King Britt’s Blacktronika celebrates Black innovators in electronic music
King Britt's new university class has hosted guests like Honey Dijon, Robert Hood, Roni Size and more. DJ Mag catches up with the legendary producer, DJ, engineer and educator to learn more
Producer, DJ, engineer and educator King Britt has been at the heart of electronic music culture for over 30 years. His first DJ gigs were in his father’s barbershop in 1970’s Philadelphia at five year’s old. At the heart of the community, he learned the emotional power of music to cheer people up, bring people together and start a conversation. With artistic parents whose love of funk, soul and jazz was passed down to a young King (his real name), he soon discovered Kraftwerk and began manipulating cassette tapes and experimenting with sound. A few Christmases later, King split the cost of a Casio SK-1 sampler with his dad and got his hands on his first bit of kit.
He went on to co-found Ovum Records with Josh Wink, remix of Tori Amos, Solange and Calvin Harris and collaborate with Madlib and De La Soul. His lush synth soundscapes and hypnotic rhythms have seen him play everywhere from Berghain to Moogfest and thousands of clubs and festivals in between. Now, 30 years into his career and countless accolades including soundtrack work with Hollywood legends Michael Mann and Ridley Scott, he’s an Assistant Teaching Professor in Computer Music at UC San Diego and has just started a brand new class called ‘Blacktronika: Afrofuturism In Electronic Music’, researching and honouring people of colour who’ve shaped electronic music since its inception. Guest interviewees in the class have already included Honey Dijon, Goldie, Robert Hood and his daughter Lyric, Dām Funk, Hank Shocklee, Amp Fiddler and many more.
We caught up with King to find out about his motivations behind Blacktronika, his plans for the class and how we can better celebrate Black voices in electronic music.
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How did the Blacktronika class come about?
“When I started as Assistant Teaching Professor at UCSD, I noticed a void, not only in our curriculum but globally, of a class that focused on people of colour’s important contributions to electronic music. Most of the groundbreaking genres, sounds and movements have come from the black communities. The roots of dub technology, Chicago house, Detroit techno, Drum & Bass, Footwork, all coming from black culture.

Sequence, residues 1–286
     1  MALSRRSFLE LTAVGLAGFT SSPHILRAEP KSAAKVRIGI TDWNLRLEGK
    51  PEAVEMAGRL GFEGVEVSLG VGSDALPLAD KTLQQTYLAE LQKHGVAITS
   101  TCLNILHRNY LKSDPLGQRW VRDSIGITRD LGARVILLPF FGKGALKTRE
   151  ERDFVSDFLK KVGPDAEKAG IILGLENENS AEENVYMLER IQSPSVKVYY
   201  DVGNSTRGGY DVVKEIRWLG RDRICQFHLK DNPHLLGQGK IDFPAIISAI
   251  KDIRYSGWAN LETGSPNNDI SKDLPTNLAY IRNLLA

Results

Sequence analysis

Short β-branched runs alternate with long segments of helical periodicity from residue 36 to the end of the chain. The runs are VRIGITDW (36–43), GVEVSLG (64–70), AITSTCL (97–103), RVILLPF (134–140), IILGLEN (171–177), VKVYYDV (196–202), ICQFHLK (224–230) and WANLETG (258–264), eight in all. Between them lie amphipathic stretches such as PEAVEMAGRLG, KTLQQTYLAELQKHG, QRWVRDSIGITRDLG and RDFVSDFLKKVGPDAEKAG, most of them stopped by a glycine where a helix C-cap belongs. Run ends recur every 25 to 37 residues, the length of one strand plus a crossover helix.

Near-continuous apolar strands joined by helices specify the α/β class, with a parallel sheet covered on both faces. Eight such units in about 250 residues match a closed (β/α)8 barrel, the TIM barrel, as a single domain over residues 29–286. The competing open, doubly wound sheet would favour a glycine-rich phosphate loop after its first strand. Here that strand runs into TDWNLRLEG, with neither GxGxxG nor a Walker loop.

“Being an active sonic contributor in many of these genres and living through the eras as a producer and DJ, many of the pioneers are close friends, which puts me in a very necessary position [when it comes to] shifting the paradigm of how it is handled in the academic environment.”
What was your initial goal with the class?
“My main goal is to bring this knowledge to all young people who are enjoying all the newer sounds of electronic music so that they know the history, sonic lineages and socio-political context in which this music made. Also, the commodification of these innovations is how far removed from the source the facts are.”
Do you feel people of colour’s role in the creation and development of electronic music is often forgotten? If so, why do you think that is?
“There are a few factors at play. First, it is possible that many in academia didn’t consider these genres as ‘intellectual’ enough. Second, not having lived in it or being a part of the scene, makes it difficult to truly teach with authenticity. Third, the continued ‘whitewashing’ from the media, of our pioneers has brought us to this point. With big money and specific white faces on the covers of these magazines as the pioneers or mavericks of the scene gives a false narrative that has been intentional.”
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What more can be done to raise the profile of Black originators and Black artists who are under-represented today, in your opinion?
“I commend you at DJ Magazine for doing the article, doing the work on a media level that needs to be done to shine the light on what has been covered for a longtime. Also I commend UCSD for giving me a platform to change the paradigm on a very high level. The most important is access to all the information. We are working on this now but, access to the communities that should be hearing about all of this [is important]!"
Who has been the most inspiring guest you’ve had so far for Blacktronika?
“Well all my guests have been extremely giving, loving, personal, deep and non-apologetic. Being that they are all close friends also really helps create a more personal space for my students.
“As far as inspiring – all of them – but the best reactions from my students have been from Goldie, Marshall Allen [Sun Ra Arkestra], Moor Mother and Shabazz Palaces and Dām Funk! Of course we have had so many more but the class reactions to them was powerful. Robert Hood and his daughter Lyric too!”
How can people take the class?
“So as of now it is open to all University of California students across the State. In 2022 it will be open to the world as an online course.”
Who would be your dream guest for Blacktronika?
“There are two. One of them I’m in talks with and that is Ryuichi Sakamoto. His contributions have been stellar, especially YMO – that Soul Train footage is amazing – and the other would be my hero, Herbie Hancock!"
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